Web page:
LEGO is one of those simple toys that have stood the test of time, for good reason. These simple iconic toys fire the imagination and inspire creativity. Endless uses make LEGO a great investment for your entire family. If you want to extend the uses of LEGO into your homeschool lessons, these great ideas will help your children learn everything from state capitals to historic battles.
Exploring Social Studies with LEGO
Get to know the states and state capitals
LEGO are great because they can be written on with a permanent pen and yet you can still clean them with a dry erase/chalkboard eraser. Write the state names, abbreviations, state capital, and any other information about each state you want your children to memorize. Start with just a few states and work up until you have them all. Have your child match each state’s set.
Build the state out of LEGO
Use LEGO to form the shape of the state your child is learning how to recognize each state on the map. The added advantage of active motor skills makes it a great activity for children that need to fidget to focus during things like read alouds.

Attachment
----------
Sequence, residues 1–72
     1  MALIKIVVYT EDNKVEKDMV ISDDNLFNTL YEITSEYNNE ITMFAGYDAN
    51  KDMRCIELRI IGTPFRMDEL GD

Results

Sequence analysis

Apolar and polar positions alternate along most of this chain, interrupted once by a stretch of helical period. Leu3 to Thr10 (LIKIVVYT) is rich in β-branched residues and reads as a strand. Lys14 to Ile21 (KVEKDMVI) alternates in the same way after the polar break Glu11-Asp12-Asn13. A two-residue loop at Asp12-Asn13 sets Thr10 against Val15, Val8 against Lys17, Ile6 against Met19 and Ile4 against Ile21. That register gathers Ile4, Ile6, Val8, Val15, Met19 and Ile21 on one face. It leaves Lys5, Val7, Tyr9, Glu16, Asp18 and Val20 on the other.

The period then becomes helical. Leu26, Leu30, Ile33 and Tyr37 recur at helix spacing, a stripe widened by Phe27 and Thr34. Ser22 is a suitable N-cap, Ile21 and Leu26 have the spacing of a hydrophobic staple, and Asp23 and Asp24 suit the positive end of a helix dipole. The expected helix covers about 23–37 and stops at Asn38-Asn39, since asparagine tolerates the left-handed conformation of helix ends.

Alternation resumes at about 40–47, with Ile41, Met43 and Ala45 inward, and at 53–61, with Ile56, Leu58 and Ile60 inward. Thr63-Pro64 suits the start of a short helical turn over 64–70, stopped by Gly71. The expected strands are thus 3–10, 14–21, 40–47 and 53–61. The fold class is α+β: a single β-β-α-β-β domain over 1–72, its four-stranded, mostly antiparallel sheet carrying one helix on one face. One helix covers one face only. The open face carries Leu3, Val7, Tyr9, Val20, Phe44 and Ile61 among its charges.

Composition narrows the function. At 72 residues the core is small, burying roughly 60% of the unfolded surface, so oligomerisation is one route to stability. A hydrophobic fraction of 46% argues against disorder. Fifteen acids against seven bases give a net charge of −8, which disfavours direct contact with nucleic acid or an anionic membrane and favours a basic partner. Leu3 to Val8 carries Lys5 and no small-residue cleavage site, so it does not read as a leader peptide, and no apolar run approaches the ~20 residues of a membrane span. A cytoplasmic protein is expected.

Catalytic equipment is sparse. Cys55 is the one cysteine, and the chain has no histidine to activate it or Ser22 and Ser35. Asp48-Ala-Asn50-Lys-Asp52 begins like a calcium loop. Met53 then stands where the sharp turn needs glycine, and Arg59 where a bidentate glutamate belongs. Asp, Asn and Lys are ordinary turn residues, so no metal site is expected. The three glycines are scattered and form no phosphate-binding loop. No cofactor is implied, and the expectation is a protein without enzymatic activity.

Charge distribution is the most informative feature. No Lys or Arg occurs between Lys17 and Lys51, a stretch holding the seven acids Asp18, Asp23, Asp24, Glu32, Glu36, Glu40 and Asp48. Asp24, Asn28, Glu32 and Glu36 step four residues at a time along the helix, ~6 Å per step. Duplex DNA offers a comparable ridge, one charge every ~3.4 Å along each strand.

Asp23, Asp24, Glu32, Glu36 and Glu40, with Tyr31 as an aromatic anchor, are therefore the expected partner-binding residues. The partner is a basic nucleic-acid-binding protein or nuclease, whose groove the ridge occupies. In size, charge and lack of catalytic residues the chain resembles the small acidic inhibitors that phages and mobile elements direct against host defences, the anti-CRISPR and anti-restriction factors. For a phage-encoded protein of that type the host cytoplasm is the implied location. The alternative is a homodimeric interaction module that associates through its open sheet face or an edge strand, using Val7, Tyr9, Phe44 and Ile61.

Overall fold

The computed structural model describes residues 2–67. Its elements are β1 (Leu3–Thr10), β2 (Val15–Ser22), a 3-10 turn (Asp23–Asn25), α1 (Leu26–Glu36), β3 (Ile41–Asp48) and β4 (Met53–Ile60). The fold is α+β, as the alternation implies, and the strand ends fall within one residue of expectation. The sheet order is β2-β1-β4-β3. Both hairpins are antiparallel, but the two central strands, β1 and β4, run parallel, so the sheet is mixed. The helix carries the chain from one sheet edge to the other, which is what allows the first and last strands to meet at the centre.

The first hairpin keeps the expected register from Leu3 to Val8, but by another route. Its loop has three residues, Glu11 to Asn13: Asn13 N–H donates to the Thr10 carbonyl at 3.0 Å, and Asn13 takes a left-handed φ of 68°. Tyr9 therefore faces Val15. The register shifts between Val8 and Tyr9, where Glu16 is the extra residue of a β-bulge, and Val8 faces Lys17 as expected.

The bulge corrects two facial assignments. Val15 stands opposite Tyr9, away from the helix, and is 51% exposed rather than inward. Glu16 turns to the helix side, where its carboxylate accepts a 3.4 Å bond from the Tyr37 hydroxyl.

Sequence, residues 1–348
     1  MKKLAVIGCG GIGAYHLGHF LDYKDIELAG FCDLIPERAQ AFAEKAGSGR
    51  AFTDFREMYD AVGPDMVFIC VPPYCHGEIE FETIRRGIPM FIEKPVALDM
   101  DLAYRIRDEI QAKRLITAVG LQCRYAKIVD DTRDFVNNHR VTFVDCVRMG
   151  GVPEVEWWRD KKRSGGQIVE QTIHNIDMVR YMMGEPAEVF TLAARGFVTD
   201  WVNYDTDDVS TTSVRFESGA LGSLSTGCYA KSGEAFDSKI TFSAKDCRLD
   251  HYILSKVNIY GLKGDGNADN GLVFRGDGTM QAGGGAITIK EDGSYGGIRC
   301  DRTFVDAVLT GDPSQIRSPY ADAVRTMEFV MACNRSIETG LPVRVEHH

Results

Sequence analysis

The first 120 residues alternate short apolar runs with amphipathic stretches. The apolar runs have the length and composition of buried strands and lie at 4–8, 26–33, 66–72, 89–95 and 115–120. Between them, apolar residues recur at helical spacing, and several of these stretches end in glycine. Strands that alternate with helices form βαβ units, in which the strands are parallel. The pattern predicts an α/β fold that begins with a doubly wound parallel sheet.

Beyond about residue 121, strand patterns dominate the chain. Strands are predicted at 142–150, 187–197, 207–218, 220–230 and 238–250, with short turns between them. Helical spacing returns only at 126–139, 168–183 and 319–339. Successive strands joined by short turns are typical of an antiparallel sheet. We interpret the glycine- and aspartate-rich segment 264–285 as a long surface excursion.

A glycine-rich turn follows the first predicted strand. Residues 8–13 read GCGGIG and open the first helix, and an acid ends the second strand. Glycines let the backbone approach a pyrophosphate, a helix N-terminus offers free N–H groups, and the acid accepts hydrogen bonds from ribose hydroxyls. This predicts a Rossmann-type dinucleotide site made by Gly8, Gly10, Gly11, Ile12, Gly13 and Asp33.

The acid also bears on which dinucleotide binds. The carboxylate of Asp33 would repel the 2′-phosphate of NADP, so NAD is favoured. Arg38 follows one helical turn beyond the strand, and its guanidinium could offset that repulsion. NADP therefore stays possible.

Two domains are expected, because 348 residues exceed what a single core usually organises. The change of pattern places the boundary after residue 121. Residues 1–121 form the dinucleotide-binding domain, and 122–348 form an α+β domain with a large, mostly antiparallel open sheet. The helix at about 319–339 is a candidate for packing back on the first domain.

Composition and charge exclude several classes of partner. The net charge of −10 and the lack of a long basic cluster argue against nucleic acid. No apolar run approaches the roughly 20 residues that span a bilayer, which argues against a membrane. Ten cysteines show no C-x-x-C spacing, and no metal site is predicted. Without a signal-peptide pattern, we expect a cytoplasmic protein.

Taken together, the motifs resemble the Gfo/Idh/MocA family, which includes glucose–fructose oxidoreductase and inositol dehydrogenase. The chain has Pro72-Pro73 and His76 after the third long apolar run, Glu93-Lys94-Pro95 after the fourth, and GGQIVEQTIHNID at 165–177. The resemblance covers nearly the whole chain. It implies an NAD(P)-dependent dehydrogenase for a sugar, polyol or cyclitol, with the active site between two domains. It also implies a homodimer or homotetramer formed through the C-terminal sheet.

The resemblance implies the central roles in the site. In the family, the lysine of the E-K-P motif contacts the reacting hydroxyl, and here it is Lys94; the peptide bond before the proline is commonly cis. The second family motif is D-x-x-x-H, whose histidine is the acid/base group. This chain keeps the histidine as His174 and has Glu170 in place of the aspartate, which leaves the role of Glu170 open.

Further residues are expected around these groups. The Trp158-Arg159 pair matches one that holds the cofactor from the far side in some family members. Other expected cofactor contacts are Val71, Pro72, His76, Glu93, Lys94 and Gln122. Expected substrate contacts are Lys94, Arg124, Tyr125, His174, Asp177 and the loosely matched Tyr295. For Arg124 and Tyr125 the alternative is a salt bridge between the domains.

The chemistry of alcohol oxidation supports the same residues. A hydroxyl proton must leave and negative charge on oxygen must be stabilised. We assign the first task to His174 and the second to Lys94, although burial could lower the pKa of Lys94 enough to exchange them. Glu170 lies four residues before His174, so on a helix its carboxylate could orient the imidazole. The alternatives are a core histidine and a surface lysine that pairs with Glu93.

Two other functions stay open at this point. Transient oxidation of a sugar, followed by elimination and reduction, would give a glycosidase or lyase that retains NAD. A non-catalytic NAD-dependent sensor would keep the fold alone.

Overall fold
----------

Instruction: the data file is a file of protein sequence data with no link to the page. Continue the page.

Act out historical battles and events
LEGO mini figures are fascinating to children. The additions you can find for them are endless, allowing you to create all kinds of people to act out the stories you read. Build cannons, warships, and other amazing things that allow your child to get deeply immersed into the part of history you are studying. Using LEGO for history is all about diving in and having fun learning.
Then and now
Build objects with LEGO representing how they were made in the past and the modern version. This challenges your child to find drawings and photos of older items online then really study them in effort to recreate a LEGO version. Your child will learn details they never would have just from looking at the photos and moving on.
Build local landmarks
While this one will only work if you have a LOT of LEGO it is a great way to study life in your city. Visit the local landmark taking photos of the complete landmark as well as small details you may want to add. Even if your building does not work out the act of preparing forces your child to really look at the details of the landmark you are building in anticipation of the project.
Keep in mind that children love to learn through play but can become distracted from the task at hand. Be patient and have fun with it. You never know where your LEGO adventure will take you.
Do you use LEGO in your homeschool? Share in the comments!